Thursday, December 07, 2006

Redan’s, Biarritz and other clever holes


One of my favorite long par threes is the 4th at Riviera. The hole was conceived as a redan with players facing the option of flying the ball over the massive front bunker or hitting a draw to use the natural contour of the fairway right of the bunker and green to feed the ball down onto the putting surface. Thomas created a daunting carry with the placement of the front bunker, but gave such an open and inviting alternative by adding fairway right of the bunker for the player to use the natural slopes to funnel the ball around the bunker. The only unfortunate thing about Riviera is the infestation of the Kikuya grass really has ruined the viability of this clever approach. What makes the redan so good is that the concept is not land driven, although that makes them easier to build, but driven by the green and approach which can be manufactured in flat land.

I have seen personally seen redan’s by Colt, Thomas, MacDonald, Raynor, Tillinghast and Flynn. Some are not set in great pieces of land, but still play just as well. Flynn in particular used the concept almost exclusively on longer threes since it made most players come into the green along the ground. He felt players would always take to the air unless they had no choice, and only length made the alternative to bounce the ball in a better option.




The 4th at Riviera









To better understand the Redan concept , please click on this link to the previous blog on the origins of the Redan:
http://thecaddyshack.blogspot.com/2006/04/redan.html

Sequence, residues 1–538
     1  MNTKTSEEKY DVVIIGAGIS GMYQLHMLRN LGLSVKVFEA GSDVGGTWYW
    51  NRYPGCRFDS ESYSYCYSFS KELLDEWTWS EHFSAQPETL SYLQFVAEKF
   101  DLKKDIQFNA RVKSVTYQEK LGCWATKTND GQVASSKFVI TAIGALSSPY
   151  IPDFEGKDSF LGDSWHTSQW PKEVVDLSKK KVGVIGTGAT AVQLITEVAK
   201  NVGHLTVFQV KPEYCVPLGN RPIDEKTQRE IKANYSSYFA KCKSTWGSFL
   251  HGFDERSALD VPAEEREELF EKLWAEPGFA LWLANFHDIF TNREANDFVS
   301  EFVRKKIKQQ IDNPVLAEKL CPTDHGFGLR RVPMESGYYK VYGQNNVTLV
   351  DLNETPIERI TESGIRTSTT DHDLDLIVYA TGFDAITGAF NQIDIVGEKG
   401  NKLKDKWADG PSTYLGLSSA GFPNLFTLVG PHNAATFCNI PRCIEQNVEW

The next concept that also is adaptable is the Biarritz. The Biarritz is a concept where the green site and bunkering can be done on any property. The bunker is simple flanking in nature, the green is raised up as a plateau above native grade, and the green contours are the key. Great ones like Yale also have great settings, but others like Fox Chapel (Raynor) are set on plain land. The green itself features a high front plateau, a deep pinnable swale, and high back shelf. The hole is all about accuracy and creativity to find each separate elevation. The interesting thing about the Raynor and MacDonald version of this hole is that they are long just like the original. This once again suggests the option to bounce the ball into the wide open front to access certain pin positions. It also provides options for both the average player and the scratch player.



The Biarritz green at St. Louis CC




To fully understand this idea you may need to read the pervious blog on the origins:
http://thecaddyshack.blogspot.com/2006/06/biarritz-green.html
This is just two, there are other concepts that can be drawn in. So as you can see, many of the great concepts of golf can be adapted for a longer, and potentially running approach, so that a long hole is more than just……well…… long.

My final long hole is the long downhill par three: http://thecaddyshack.blogspot.com/2006/12/9th-at-jasper-park-cleopatra.html


11 comments: